Environmental Impacts on RPT
June 11, 2001
This bill would allow tax districts to recover damages from persons whose negligent or intentional conduct resulted in a violation of the Environmental Conservation Law (ECL) or Public Health Law (PHL), and where such violations were wholly or partially the basis for the reduced valuation of real property.
The intent of this bill is to assure that persons whose violations of the Environmental Conservation Law or Public Health Law cause actual environmental damage will not benefit financially from such actions through lower real property tax assessments.
The Business Council opposes A.997, however, because its impact would extend well beyond its intended purpose, and raises a number of legal and practical concerns.
The following analysis illustrates the potential impact of this bills, and raises significant concerns about its potential implementation.
- Under New
York State court decisions (City of Amsterdam v. Board of Assessment, Katz
Buffalo Realty v. Anderson), assessors cannot be required to testify in
court as to how they arrived at an assessed value. Given this case law,
it would be difficult if not impossible for a defendant to disprove that
a reevaluation was based on ECL or PHL violations. This places the burden
of defense on a party who would be legally barred from discovering the reason
for an assessment change.
- Damage claims
could not brought under this bill in response to actions that occurred before
the state's hazardous waste or hazardous material management laws were enacted,
since in most cases those releases did not represent a violation of law.
However, persons who take ownership of such sites with "historic"
contamination could still be subject to damage claims under this bill, even
though they did not cause the environmental harm. For example, enforcement
cases have been brought for Clean Water Act violations against releases
to surface water from "historic" contamination sites, and such
cases have been brought against property owners who purchased the property
after the contamination occurred. This illustrates one example of how A.997,
as presently drafted, could result in lawsuits against persons who did not
cause environmental contamination that results in property devaluation.
- An assessor
may devalue a parcel due to its proximity to an regulated "environmental
facility" (e.g., a manufacturing plant or a solid waste incinerator.)
The assessor could then seek damages under this bill in response to any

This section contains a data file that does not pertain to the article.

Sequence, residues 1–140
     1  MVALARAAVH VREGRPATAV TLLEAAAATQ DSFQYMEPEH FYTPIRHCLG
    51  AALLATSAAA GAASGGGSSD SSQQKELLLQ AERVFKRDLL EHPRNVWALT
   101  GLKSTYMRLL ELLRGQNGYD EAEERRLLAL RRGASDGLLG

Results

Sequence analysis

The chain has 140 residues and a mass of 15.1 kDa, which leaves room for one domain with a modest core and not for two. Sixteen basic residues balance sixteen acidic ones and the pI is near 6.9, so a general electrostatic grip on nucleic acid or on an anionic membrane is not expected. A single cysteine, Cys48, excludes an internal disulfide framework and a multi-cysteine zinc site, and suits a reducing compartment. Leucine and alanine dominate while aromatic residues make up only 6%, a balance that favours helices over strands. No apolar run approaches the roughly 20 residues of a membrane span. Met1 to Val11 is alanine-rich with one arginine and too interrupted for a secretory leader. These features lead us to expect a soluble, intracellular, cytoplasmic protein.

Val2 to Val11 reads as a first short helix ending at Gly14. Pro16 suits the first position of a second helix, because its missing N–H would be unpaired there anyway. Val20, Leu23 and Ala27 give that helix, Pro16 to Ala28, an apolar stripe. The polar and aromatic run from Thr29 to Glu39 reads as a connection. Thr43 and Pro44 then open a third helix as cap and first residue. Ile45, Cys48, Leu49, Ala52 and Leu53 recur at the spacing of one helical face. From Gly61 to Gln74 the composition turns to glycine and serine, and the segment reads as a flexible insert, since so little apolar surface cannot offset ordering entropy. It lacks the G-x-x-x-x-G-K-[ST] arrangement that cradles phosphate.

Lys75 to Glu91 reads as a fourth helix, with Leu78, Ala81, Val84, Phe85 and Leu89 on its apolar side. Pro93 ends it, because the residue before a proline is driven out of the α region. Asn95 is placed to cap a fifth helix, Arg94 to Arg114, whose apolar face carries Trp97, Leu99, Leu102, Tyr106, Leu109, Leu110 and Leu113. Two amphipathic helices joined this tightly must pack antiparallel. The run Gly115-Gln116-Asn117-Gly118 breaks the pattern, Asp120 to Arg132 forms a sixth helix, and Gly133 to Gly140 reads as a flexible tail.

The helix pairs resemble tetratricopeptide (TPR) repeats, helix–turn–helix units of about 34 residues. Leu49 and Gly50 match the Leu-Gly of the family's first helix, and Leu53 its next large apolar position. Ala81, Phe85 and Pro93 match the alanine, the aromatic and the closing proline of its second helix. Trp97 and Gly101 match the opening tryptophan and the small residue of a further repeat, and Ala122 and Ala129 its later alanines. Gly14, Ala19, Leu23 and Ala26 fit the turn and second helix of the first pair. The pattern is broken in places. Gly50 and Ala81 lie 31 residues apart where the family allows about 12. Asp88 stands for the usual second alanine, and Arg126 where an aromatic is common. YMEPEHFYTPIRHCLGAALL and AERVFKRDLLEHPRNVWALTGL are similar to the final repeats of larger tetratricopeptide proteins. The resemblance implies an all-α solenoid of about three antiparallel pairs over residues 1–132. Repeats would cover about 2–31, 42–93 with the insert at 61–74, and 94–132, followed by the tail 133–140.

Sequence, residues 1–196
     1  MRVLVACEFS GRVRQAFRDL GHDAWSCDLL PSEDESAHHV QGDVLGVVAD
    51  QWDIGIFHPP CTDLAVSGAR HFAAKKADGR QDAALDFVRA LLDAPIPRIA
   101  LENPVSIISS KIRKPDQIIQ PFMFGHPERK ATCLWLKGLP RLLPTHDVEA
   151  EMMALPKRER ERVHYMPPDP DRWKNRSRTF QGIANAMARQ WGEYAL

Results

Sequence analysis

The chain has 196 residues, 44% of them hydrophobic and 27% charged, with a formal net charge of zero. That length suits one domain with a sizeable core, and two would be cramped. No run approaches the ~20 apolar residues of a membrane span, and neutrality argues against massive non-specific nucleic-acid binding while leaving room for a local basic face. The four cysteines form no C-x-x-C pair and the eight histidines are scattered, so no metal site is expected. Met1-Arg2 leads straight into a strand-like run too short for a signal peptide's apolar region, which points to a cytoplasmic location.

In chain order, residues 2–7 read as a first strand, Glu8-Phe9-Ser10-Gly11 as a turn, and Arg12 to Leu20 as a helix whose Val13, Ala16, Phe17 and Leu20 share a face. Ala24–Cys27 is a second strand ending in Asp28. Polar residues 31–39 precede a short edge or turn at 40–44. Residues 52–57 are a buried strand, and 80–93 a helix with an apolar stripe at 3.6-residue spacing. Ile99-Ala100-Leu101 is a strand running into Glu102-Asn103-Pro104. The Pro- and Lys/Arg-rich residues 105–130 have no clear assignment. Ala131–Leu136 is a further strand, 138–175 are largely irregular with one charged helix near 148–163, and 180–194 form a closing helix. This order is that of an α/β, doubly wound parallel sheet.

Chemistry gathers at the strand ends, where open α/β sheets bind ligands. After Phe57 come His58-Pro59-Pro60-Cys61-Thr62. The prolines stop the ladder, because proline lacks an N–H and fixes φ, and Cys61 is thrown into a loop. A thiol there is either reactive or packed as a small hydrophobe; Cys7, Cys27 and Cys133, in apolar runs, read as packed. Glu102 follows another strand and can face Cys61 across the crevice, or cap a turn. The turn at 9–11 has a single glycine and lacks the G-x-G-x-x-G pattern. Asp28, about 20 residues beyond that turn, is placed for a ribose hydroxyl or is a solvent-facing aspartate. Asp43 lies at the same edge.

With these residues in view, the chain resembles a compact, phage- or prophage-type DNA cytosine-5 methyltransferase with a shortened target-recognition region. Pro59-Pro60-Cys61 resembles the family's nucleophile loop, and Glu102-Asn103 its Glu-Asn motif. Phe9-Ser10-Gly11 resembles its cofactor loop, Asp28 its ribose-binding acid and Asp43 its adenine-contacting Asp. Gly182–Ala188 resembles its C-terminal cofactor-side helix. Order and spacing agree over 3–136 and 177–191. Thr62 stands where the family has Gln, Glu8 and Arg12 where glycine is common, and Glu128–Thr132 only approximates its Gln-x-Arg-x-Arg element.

environmental violation at such facility, claiming that such devaluations
were at least partially to blame for the reduced property value. Again,
considering case law, it would be difficult if not impossible for facilities
to defend against such claims. Further, under this type of scenario, it
is unclear whether A.997 would apply an apportioned or a "joint and
several" liability standard in awarding damages relative to environmental
the valuation of an active manufacturing site could be reduced due to the
demolition of structures on the site. (In at least one instances, a Business
Council member demolished a structure in order to conduct state mandated
soil and groundwater remediation under the former building.) Under this
bill, the tax district could retaliate by seeking damages claiming that
any devaluation is partially attributable to existing environmental contamination
on the site. Again, the defendant could not call the assessor to testify
as the reasons for the devaluation.
- It is unclear
whether a tax district could seek damages in instances where the DEC has
taken no enforcement action in response to an alleged violation, or in instances
where the DEC has determined that no violation occurred. For example, under
federal citizen suit provisions, a defendant can go to the courts to enforce
against alleged environmental violations even after the EPA or DEC determines
that no violation exists. The Business Council is concerned that, under
A.997, the courts could supersede the DEC's authority to assess the legal
and technical interpretation of the ECL.
- Under the state's Environmental Conservation Law, most unpermitted environmental releases are considered a violation. This includes leaks from chemical or petroleum bulk storage tanks, and air or wastewater discharges that exceed permit limits. While most releases are not considered by the DEC as the result of negligence, this bill would place such determinations in the hands of tax districts and the courts.
Based on these concerns, The Business Council respectfully opposes adoption of A.997.